theft. The need for protection draws some young people who live in communities where non-gang members
continually harassed by gang members. Some young people join gangs as a way to gain the respect they lack at
and in the community. Or they may join gangs because all their friends are doing it; it just sseems like a
to do. Some experts say that young people from troubled homes attempt to find substitute families in
gangs. Abuse, neglect,
and loss seem to be common themes among many gang members.
Gang structure varies. The largest gangs, some with as many as 2,000 members, break up into smaller
clubs and cliques. Clubs typically bring more territory to a gang-they are branches of the gang that move
into a new
neighborhood to develop new business (usually drug trafficking). Cliques assemble new gang members and unite
them along similar interests (street fighting, burglary). In the 1970s many small gangs changed their names to create
an association with the reputation of two Los Angeles gangs, the Crips and the Bloods. Today Bloods and Crips can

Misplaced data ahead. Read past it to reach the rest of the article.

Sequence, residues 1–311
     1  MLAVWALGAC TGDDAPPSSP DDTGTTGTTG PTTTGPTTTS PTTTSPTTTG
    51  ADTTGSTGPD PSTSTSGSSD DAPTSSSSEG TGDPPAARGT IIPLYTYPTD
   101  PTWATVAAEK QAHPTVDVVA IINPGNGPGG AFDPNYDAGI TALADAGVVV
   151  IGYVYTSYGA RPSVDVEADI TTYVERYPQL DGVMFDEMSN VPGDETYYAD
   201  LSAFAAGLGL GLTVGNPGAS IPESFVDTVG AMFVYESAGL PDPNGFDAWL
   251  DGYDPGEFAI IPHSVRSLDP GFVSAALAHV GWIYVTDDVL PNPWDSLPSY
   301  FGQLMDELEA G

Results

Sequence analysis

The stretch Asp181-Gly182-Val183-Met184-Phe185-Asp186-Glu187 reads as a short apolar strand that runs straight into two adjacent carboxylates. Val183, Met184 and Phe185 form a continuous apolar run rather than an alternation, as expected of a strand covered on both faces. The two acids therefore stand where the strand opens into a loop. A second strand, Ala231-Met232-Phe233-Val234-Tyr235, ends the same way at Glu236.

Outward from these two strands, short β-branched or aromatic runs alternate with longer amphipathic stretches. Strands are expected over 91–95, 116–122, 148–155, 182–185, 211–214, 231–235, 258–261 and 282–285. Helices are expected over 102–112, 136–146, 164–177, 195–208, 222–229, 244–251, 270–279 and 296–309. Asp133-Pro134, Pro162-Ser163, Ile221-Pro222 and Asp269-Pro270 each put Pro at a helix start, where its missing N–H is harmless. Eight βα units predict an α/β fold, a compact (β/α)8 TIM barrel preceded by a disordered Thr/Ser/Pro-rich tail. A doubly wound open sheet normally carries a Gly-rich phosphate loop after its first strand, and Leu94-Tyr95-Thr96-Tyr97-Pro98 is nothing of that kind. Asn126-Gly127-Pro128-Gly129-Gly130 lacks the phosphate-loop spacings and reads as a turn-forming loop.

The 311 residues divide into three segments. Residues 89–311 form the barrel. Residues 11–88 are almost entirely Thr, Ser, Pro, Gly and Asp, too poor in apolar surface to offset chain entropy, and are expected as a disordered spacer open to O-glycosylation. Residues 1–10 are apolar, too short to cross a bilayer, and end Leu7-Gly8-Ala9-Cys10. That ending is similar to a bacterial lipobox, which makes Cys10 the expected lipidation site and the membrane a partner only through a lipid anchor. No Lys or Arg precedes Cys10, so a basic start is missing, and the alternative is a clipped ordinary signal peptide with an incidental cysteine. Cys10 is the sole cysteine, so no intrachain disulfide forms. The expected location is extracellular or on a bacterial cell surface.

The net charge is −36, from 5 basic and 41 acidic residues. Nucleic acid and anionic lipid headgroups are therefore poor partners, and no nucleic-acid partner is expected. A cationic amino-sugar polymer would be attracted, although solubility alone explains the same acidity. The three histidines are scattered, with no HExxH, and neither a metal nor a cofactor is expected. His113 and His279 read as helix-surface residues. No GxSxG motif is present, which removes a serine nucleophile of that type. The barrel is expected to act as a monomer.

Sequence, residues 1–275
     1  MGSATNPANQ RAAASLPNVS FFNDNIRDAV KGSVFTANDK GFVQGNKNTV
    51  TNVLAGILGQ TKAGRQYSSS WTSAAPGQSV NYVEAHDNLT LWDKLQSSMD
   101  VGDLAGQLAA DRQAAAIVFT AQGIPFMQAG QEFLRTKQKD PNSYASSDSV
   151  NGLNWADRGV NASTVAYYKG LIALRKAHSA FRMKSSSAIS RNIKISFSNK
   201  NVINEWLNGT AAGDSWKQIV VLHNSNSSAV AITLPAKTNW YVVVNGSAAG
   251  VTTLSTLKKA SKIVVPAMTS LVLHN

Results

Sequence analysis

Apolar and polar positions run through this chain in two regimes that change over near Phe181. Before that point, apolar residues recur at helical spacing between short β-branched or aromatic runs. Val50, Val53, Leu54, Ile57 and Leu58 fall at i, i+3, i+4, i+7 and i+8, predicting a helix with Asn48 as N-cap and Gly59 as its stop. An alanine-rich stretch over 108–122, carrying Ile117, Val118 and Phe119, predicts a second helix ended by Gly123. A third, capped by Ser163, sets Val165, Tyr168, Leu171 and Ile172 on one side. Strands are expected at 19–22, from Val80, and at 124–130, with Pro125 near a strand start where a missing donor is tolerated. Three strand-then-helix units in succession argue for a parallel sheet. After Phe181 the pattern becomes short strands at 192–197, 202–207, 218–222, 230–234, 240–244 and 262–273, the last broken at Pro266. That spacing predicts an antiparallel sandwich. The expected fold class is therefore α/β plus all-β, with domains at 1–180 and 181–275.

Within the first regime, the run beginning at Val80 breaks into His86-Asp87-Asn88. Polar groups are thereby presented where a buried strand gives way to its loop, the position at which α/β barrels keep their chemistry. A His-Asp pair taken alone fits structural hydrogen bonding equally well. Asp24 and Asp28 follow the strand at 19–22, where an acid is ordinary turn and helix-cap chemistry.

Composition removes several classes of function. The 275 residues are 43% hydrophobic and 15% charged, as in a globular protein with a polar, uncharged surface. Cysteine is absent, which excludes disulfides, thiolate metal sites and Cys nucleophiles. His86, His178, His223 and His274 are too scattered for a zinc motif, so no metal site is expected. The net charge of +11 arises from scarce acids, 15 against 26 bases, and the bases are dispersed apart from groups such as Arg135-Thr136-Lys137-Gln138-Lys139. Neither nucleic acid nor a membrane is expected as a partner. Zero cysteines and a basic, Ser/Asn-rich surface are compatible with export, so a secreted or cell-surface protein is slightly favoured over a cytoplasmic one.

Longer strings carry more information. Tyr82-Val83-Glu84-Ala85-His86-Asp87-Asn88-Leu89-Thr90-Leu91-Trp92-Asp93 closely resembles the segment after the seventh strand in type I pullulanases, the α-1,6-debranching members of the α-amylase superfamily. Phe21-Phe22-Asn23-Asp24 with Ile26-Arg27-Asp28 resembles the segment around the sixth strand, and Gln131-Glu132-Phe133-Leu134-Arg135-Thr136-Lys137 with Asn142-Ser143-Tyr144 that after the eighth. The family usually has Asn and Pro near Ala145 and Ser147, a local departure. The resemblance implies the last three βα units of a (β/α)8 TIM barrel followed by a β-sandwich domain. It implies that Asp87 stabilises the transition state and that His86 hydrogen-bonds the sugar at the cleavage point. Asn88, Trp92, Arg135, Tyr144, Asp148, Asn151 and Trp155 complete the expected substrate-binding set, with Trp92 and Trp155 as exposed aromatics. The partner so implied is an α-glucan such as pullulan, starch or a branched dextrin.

found all across the United States.
Some gangs operate informally, with leadership falling to whoever takes control. Other gangs have
and highly structured gangs have officers, much like a corporation. The president might direct the gang's
dealings and the vice president might keep members in line, overseeing the gang's communication network,
car phones, walkie-talkies, pagers and beepers. Gang members use these devices to coordinate drug deals
and to protect
themselves from arrest. The warlord keeps order at gang meetings, plans fights against rival gangs and
controls the gang's
arsenal. Highly structured gangs can be found all around the country, but are most common in
New York where competition
for drug money and status is high